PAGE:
By Kevin Cook from

14 September 2017


Investing can be a jungle, a battlefield, even a nightmare if you don’t follow sound principles of diversification and risk management. The good news is that in the age of the Internet, the self-directed investor has been given access to the research and tools of the professionals.

The better news is that if you follow the main currents and rules of the global investment machinery, you can ride this bull market close to the top with amazing profits in hand.

While many investors fret about the next correction, they are missing some secrets about Wall Street that have been proven time and again.

Today, I offer you five of my favorite secrets that most investors ignore at their peril…

Secret #1: $66 Trillion Says “They Have to Buy”

What is the business of institutional investors who manage other people’s money? It is to deploy that capital. Lots of different equity portfolio managers [PMs] have mandates and performance benchmarks that create certain behavior, such as being long stocks even when the market is peaking.

I am not even addressing how analysts or brokers work on the Street. I’m just talking about fund managers having a bias to buy stocks, not short them. How strong a force is this bias? Trillions strong. The creation of employer-sponsored retirement savings plans has been one of the biggest contributors here.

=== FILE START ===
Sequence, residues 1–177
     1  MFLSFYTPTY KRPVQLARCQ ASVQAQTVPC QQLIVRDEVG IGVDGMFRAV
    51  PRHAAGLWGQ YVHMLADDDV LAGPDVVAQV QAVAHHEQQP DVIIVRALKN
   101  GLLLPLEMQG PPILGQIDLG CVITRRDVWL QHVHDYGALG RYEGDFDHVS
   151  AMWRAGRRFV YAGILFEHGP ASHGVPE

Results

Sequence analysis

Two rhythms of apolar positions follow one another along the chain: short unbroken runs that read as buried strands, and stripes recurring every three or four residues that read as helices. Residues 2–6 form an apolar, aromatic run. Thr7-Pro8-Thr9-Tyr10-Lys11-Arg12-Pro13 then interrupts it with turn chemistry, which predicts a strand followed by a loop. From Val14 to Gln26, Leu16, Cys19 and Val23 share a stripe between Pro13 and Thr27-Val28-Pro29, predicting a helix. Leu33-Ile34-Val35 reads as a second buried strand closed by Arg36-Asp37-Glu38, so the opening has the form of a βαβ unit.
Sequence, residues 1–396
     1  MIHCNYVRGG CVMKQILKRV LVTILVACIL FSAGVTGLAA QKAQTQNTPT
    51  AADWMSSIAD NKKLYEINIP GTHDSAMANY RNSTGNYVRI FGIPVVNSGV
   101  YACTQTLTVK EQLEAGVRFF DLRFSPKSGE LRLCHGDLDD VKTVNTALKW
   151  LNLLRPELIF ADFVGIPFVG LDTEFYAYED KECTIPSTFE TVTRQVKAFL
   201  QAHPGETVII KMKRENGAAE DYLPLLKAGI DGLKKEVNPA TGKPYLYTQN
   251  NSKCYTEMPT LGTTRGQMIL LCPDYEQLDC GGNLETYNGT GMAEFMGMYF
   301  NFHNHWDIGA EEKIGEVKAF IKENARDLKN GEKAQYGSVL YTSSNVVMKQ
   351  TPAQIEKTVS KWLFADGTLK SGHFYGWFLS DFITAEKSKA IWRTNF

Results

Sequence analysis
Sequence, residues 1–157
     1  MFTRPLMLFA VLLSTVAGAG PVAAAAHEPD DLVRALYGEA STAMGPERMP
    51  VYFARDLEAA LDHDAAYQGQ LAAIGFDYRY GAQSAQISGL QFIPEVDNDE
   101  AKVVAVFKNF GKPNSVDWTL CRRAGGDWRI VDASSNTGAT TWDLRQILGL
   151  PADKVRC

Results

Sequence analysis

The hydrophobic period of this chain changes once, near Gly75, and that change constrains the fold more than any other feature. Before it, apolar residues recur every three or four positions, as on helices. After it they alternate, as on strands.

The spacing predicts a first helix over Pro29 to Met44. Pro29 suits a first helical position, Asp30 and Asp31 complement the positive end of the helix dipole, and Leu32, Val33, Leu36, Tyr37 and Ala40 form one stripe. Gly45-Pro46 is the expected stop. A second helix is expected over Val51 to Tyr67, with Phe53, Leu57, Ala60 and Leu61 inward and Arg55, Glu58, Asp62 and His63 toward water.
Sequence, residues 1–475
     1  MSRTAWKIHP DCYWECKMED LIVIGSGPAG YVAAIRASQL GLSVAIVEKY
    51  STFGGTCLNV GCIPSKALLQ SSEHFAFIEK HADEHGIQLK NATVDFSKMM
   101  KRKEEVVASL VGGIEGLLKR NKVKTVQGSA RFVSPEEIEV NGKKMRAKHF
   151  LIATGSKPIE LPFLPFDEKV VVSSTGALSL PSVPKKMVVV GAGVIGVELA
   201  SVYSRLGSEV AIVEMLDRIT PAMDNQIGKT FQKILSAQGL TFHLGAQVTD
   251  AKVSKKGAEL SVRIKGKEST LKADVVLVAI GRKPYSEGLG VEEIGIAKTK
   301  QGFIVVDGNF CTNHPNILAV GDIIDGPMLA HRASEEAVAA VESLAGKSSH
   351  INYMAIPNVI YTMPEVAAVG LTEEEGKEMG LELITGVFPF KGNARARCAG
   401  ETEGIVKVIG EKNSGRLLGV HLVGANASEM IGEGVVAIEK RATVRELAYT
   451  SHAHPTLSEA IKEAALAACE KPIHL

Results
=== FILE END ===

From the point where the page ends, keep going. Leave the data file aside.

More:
According to CME Group, the global total of assets invested in equities is roughly $66 trillion. The biggest coffers are held by pension funds, mutual funds, and insurance companies, with hedge funds only collectively breaking the $3 trillion AUM (assets under management) mark this year.

Throw in private equity, university endowments, and sovereign wealth funds and it’s easy to see where that $66 trillion comes from. And it is their primary business to put this capital to work, mostly in equities.

Easily another $10 trillion sits in cash, money market accounts and short-term bond funds. And this is all money “on the sidelines” that could help PM’s do their primary job: buying stocks.

Secret #2: Benchmarks Say “They Don’t Have to Sell”

In this secret, I exaggerate (only slightly) to make the point about the pain tolerance of the aforementioned groups whose job it is to buy stocks with other people’s money. It’s easier to watch stocks lose 30%, 60%, even 90% when it’s not your money.

Do you know what the greatest risk is for a fund manager? It’s not losing money or clients. It’s underperforming their benchmark (most commonly either the S&P 500 or the Russell 2000). So if stocks are peaking and then turn down, who knows if it’s the top? What if the index surges higher again?

For the most part, they can handle the 20% downturn. But they can’t miss the last 10% of upside, especially if they’ve struggled in their stock-picking at all that year and are at risk of underperforming their peers or benchmark.

Secret #3: The Tech Cycle is Bigger Than the Fast Money

This one is simple: money doesn’t leave the markets, it just moves around, often at light speed. Especially when interest rates are near 1%. Especially in an expanding global economy when equities still offer the best risk/reward compared to other asset classes.